So here’s another in our occasional series about the ways that music is used in society. And for protest, it’s purpose is to provide a unified voice. It’s usually music that sounds purposeful, as if it is on it’s own journey or march, and is optimistic as to the outcome (you could argue that military music has a similar mood). Protest songs can summarise and present an argument, or a goal, in a way that is re-useable by the rest of us – because we can sing it too; and that’s usually what the creators want.

EDIT: We've also recently updated this page to include a couple of new songs, as well as this brilliant news piece from CBC News, to honour the life of singer and musician, Sinéad O'Connor. But be warned folks - it does contain controversial actions from the singer herself.

“The people, united, will never be defeated” exists in many variations. The title alone is used as a chant, a rallying cry perhaps, for a massed crowd. It is originally a folk song, with versions ranging from one person with a guitar, to a full orchestra. It’s a Chilean folk song and here’s an example from Santiago bringing the massed voices and the orchestra together:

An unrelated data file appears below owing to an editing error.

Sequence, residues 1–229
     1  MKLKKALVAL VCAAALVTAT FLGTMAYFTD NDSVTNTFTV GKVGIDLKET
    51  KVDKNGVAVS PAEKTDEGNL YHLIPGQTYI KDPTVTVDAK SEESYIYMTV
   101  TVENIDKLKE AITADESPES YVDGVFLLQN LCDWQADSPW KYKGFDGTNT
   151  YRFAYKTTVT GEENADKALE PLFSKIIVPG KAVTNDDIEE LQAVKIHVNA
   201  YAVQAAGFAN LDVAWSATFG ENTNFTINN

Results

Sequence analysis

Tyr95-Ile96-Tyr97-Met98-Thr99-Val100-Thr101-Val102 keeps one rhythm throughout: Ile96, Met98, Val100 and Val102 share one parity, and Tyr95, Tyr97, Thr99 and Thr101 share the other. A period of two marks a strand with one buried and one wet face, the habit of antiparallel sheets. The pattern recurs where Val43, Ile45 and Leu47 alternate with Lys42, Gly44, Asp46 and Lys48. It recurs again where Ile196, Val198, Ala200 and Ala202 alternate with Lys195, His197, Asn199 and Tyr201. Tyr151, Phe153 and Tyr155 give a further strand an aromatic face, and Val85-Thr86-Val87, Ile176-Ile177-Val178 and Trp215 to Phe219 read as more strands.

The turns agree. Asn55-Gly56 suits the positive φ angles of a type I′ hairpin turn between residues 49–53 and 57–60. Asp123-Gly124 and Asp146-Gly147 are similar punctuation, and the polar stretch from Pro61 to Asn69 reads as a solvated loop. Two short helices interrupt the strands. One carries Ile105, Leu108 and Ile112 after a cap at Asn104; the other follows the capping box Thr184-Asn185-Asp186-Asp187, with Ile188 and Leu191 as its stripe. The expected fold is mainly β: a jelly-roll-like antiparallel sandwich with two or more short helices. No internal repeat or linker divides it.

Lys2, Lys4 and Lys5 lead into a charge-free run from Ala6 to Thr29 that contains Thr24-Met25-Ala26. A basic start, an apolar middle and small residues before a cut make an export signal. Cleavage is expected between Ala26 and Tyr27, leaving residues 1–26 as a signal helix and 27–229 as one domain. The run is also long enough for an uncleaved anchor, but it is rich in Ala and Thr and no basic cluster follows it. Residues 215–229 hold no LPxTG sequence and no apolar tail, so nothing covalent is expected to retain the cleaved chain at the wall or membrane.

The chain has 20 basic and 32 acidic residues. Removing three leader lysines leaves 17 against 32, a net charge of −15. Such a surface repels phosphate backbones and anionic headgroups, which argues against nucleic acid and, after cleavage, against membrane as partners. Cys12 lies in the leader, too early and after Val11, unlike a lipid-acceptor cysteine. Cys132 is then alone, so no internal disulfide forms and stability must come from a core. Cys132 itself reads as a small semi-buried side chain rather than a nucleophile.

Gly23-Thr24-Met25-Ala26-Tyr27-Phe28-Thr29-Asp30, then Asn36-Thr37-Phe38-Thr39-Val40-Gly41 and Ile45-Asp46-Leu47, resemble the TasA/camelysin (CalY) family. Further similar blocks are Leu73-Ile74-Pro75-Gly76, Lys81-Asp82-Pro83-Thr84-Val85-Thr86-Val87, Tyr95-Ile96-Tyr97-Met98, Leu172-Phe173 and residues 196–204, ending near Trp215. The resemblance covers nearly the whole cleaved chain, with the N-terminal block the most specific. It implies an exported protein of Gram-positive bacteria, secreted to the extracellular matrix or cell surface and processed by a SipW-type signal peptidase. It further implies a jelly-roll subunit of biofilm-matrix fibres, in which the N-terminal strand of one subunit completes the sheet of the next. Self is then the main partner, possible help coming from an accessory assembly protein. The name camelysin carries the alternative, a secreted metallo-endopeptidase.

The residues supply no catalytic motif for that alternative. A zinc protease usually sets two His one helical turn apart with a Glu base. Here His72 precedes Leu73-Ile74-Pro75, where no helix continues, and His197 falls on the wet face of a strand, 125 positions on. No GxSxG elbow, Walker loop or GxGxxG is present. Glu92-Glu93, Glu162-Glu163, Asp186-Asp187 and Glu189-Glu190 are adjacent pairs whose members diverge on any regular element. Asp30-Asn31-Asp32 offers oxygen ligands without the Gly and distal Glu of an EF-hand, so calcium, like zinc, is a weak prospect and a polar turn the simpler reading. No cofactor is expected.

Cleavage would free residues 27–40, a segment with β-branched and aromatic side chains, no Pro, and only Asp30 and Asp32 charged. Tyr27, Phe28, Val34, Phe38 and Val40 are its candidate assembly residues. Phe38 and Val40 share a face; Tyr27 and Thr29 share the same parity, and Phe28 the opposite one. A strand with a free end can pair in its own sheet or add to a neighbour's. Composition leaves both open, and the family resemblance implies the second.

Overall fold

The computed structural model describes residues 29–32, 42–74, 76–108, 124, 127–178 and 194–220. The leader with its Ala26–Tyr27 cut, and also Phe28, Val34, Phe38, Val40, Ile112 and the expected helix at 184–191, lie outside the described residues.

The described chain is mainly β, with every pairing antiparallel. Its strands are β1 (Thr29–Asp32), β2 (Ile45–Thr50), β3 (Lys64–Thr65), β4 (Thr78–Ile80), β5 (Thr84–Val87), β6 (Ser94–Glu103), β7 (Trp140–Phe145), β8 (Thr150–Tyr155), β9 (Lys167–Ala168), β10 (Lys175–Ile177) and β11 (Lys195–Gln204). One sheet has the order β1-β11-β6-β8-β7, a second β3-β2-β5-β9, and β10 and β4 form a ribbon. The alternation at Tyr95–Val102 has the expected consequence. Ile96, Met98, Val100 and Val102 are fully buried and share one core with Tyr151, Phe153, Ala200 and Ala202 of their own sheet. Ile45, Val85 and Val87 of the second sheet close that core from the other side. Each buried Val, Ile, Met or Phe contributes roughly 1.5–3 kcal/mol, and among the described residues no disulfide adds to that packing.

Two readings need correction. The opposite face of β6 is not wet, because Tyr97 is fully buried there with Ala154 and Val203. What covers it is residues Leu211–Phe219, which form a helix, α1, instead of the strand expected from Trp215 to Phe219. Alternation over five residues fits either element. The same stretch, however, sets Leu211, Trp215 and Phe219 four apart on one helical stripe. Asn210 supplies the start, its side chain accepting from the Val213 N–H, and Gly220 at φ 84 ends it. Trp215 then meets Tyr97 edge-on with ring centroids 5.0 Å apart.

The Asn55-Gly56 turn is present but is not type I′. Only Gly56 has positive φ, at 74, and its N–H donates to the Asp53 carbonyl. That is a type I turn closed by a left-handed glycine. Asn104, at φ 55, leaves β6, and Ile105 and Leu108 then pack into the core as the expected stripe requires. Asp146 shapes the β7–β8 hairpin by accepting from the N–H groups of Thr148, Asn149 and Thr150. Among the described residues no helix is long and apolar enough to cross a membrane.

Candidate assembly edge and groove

Composer Frederic Rzewski (pronounced Jevski) wrote a set of 36 variations for piano, and here’s Igor Levit playing the opening – as it says – with determination:

There are hundreds of other versions – so it’s quite a good way of exploring how different instruments, traditions and musicians interpret the same piece.

A bit of a contrast musically is Black by Sevendust – a protest song about being singled out as a black man in modern society, reminding us that activism can be found in all genres of music:

A hundred years earlier, Dame Ethel Smyth wrote ‘March of the Women’:

The lady doth protest too much, methinks, as we’re sure someone said somewhere!

No protest song list would be complete without The Beatles and John Lennon (separately) sharing their views on the world as they see it. Firstly, The Beatles call for a Revolution and secondly, John Lennon asks us (of course) if they can Imagine a different way forwards...

Protest isn’t just about people, of course; here’s a protest song about the environment from Marvin Gaye from 1971 (see below). In fact, most of the songs on that album are protest songs...

PS as a bonus... arguably one of the most famous protest songs from the last century: